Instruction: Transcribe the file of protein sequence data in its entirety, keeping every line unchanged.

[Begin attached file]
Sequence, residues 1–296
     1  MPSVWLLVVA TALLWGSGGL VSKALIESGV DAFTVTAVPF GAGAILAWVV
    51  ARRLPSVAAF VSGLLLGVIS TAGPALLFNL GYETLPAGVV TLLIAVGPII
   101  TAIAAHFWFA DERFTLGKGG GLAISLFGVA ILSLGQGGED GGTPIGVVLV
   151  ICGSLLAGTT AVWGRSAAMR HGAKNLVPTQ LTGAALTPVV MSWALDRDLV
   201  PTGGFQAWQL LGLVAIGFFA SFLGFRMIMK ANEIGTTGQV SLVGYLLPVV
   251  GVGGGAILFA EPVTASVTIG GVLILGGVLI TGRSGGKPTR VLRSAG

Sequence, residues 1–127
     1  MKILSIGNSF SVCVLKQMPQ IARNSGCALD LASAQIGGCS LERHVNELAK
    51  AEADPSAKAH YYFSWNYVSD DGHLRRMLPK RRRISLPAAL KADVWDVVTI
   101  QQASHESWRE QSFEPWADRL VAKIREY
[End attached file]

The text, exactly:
Sequence, residues 1–296
     1  MPSVWLLVVA TALLWGSGGL VSKALIESGV DAFTVTAVPF GAGAILAWVV
    51  ARRLPSVAAF VSGLLLGVIS TAGPALLFNL GYETLPAGVV TLLIAVGPII
   101  TAIAAHFWFA DERFTLGKGG GLAISLFGVA ILSLGQGGED GGTPIGVVLV
   151  ICGSLLAGTT AVWGRSAAMR HGAKNLVPTQ LTGAALTPVV MSWALDRDLV
   201  PTGGFQAWQL LGLVAIGFFA SFLGFRMIMK ANEIGTTGQV SLVGYLLPVV
   251  GVGGGAILFA EPVTASVTIG GVLILGGVLI TGRSGGKPTR VLRSAG

Sequence, residues 1–127
     1  MKILSIGNSF SVCVLKQMPQ IARNSGCALD LASAQIGGCS LERHVNELAK
    51  AEADPSAKAH YYFSWNYVSD DGHLRRMLPK RRRISLPAAL KADVWDVVTI
   101  QQASHESWRE QSFEPWADRL VAKIREY